Computational sarcasm detection and understanding in online communication
Oprea, Silviu Vlad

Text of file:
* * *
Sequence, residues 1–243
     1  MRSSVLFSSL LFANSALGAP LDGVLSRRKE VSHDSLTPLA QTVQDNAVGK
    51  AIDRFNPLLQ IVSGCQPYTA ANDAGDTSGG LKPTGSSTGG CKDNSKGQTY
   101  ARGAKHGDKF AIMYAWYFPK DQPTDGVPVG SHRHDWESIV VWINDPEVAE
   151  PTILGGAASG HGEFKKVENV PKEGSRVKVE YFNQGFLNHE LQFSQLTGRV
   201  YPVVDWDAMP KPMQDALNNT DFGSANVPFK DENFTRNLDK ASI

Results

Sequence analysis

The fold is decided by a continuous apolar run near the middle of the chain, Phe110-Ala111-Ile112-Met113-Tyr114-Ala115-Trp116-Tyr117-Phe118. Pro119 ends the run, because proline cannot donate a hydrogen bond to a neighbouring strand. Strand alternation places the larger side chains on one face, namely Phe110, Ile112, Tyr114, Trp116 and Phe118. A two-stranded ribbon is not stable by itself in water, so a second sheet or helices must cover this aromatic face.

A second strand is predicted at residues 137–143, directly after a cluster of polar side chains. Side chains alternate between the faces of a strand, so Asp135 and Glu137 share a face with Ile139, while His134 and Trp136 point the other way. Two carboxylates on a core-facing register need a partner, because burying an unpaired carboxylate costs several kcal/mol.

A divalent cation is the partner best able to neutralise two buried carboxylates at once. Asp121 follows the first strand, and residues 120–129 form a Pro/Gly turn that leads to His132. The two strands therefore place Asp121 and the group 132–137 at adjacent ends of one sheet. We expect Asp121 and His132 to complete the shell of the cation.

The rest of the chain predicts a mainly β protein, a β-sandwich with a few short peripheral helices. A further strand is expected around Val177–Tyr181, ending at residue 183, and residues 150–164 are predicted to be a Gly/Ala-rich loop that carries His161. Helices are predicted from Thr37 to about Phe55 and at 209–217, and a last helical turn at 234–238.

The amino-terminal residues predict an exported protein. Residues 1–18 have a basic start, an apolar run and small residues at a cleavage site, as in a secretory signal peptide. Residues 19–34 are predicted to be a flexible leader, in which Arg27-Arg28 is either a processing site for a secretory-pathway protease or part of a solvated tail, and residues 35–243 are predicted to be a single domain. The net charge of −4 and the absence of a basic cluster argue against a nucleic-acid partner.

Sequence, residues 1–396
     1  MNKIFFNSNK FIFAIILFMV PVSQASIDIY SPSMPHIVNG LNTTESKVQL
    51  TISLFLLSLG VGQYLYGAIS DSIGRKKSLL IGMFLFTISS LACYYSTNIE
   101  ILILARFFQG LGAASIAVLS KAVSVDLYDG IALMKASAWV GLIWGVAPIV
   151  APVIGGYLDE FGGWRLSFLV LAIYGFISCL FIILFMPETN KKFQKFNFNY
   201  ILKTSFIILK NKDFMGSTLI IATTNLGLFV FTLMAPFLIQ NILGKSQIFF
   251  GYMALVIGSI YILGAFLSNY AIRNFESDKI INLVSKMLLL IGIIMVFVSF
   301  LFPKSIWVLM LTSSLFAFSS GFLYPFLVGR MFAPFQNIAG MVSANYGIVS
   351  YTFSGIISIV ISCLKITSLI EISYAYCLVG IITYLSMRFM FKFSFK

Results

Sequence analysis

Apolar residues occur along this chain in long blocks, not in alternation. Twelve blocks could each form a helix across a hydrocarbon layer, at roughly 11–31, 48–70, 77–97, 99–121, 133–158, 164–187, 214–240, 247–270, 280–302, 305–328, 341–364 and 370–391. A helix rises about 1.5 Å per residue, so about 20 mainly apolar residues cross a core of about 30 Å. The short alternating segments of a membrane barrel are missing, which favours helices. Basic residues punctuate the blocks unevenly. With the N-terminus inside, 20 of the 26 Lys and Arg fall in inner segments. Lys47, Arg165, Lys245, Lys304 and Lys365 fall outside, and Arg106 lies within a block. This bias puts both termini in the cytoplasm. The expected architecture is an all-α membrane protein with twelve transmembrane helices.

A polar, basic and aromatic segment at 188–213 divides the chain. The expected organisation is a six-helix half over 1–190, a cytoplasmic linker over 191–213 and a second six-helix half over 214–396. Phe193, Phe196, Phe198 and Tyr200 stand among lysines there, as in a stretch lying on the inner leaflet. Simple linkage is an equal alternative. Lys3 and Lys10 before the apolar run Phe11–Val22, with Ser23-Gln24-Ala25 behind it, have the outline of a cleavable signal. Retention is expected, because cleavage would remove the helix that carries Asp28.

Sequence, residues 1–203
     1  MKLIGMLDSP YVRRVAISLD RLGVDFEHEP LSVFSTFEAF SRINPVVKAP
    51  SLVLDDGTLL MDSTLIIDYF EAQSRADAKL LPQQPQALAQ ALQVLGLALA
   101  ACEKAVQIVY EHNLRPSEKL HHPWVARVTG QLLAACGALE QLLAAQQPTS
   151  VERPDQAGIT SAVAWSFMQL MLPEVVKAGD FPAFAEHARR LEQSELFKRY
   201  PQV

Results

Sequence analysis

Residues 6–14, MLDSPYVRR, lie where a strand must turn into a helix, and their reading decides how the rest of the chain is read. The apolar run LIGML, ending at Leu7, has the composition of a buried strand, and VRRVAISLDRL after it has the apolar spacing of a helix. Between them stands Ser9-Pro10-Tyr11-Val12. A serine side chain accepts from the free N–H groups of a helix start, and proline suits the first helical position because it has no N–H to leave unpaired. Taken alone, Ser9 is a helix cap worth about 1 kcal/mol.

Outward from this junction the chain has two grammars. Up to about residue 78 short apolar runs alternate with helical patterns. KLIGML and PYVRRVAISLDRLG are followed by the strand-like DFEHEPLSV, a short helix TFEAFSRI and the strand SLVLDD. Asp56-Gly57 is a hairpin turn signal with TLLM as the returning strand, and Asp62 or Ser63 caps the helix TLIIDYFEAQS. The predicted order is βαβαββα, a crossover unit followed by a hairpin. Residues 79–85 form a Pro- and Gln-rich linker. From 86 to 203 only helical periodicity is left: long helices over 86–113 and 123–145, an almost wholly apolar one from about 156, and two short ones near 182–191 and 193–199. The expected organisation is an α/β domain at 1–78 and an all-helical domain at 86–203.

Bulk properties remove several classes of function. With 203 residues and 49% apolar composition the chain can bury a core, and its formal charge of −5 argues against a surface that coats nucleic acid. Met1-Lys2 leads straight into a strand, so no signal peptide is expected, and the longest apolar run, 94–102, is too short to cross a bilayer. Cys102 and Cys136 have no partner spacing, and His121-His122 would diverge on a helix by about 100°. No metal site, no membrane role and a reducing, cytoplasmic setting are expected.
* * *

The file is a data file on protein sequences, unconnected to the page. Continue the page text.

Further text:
The presence of sarcasm in online communication has motivated an increasing number of computational investigations of sarcasm across the scientific community. In this thesis, we build upon these investigations. Pointing out their limitations, we bring four contributions that span two research directions: sarcasm detection and sarcasm understanding. Sarcasm detection is the task of building computational models optimised for recognising sarcasm in a given text. These models are often built in a supervised learning paradigm, relying on datasets of texts labelled for sarcasm. We bring two contributions in this direction. First, we question the effectiveness of previous methods used to label texts for sarcasm. We argue that the labels they produce might not coincide with the sarcastic intention of the authors of the texts that they are labelling. In response, we suggest a new method, and we use it to build iSarcasm, a novel dataset of sarcastic and non-sarcastic tweets. We show that previous models achieve considerably lower performance on iSarcasm than on previous datasets, while human annotators achieve a considerably higher performance, compared to models, pointing out the need for more effective models. Therefore, as a second contribution, we organise a competition that invites the community to create such models. Sarcasm understanding is the task of explicating the phenomena that are subsumed under the umbrella of sarcasm through computational investigation. We bring two contributions in this direction. First, we conduct an alaysis into the socio-demographic ecology of sarcastic exchanges between human interlocutors. We find that the effectiveness of such exchanges is influenced by the socio-demographic similarity between the interlocutors, with factors such as English language nativeness, age, and gender, being particualry influential. We suggest that future social analysis tools should account for these factors. Second, we challenge the motivation of a recent endeavour of the community; mainly, that of augmenting dialogue systems with the ability to generate sarcastic responses. Through a series of social experiments, we provide guidelines for dialogue systems concerning the appropriateness of generating sarcastic responses, and the formulation of such responses. Through our work, we aim to encourage the community to consider computational investigations of sarcasm interdisciplinarily, at the intersection of natural language processing and computational social science.